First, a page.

Learning how to cope and move forward from a school massacre

Littleton Public Schools security chief shares lessons learned through the eyes of the Columbine community


Perhaps one of the few communities in the U.S. that can identify with the grief being experienced currently by the families of the victims in the shooting massacre that claimed the lives of 20 children and six adults last week at Sandy Hook Elementary School in Newtown, Conn. are those of the areas surrounding Columbine High School in Colorado. On April 20, 1999, Eric Harris and Dylan Klebold went on a shooting rampage at the school, killing 12 students, one teacher and wounding 23 others.

According to Guy Grace, director of security and emergency planning for nearby Littleton Public Schools, the Columbine massacre changed not just school security, but life in their community forever. "A lot of those families live in our communities, so Columbine is obviously influencing a lot of the practices we have put in place though the years," Grace said.  

Having witnessed first-hand the devastation that a shooting of this magnitude can have on a community, Grace said that moving forward is going to be difficult for years to come in Newtown.

"It’s going to be forever. Some people say that recovery begins as soon as the incident happens, but right now, there’s still a lot of shock and dismay," he said. "As I recall being in Littleton in 1999, there was a state of fear and a state of panic that lasted for many weeks and many months. Anything that happened in the community, any other tragedies were just magnified by the fact that that took place. Anytime that anniversary comes up, the community there is going to have to think about that anniversary and they’re going to always be watchful. April 20 for us in Littleton – this whole city and state – we’re always constantly on alert for that date more so than any other and that’s going to be the same for them."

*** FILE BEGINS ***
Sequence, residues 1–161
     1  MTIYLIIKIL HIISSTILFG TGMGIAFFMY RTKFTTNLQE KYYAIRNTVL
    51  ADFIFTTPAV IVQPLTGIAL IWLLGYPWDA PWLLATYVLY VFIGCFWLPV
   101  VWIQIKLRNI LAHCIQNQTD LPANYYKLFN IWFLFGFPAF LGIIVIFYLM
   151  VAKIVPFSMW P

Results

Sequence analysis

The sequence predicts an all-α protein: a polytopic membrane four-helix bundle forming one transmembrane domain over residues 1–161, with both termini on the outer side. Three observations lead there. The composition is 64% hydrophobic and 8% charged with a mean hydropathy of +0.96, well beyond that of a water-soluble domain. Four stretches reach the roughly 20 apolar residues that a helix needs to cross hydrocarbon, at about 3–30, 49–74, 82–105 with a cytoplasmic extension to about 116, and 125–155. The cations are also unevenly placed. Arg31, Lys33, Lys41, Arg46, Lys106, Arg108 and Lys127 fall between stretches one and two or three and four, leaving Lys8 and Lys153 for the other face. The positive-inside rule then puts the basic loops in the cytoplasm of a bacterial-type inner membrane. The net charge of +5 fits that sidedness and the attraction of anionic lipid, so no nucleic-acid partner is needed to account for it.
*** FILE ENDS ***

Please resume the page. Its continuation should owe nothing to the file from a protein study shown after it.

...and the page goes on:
In the aftermath of last week’s shooting, Grace said that many parents have called to inquire about the safety and access control measures in place in Littleton.

"The situation in Connecticut is going to have a dramatic effect upon the things that we do in security and crisis management," he explained. "Right now, a lot of the parents are asking us to increase our barriers, initiating different types of access control such as buzz-in or making sure we put up steel doors and things like that. Basically, we’re getting a bunch of people calling in asking us to do things here and there, so we’re looking at those things. But obviously we’re evaluating and a lot of those (measures) cost a lot money, so we look at what we have existing in our physical security information management system, access control system and what we’re going to do to integrate that and different technologies."

According to Grace, crisis management plans at all schools have been influenced by the Columbine massacre for many years. Despite the horrific tragedy in Newtown, Grace believes that authorities have prevented many shootings in the years since Columbine, but now there is a new threat that schools have to take into account.  

"The good news is that schools have really done things with their physical security, but they’ve also concentrated on their crisis management and their emergency planning applications," Grace added. "What has happened is, those things are being thwarted, but now what we’re seeing is a threat from adults or people that have nothing to do with the school or have mental illness and they do come to the schools and those are the types of things we have to put up the barriers to stop."   

One thing that Grace said schools need to do is to make sure that they’re “awareness” is up with regards to any suspicious activity or people around a building as many shooters will often stake out a facility prior to an attack. While some people have immediately pushed for revised gun control laws in the wake of this shooting, Grace said that there has also been a lot of "armchair quarterbacking" about this incident and that there really needs to be a focus on crisis and mental health monitoring.

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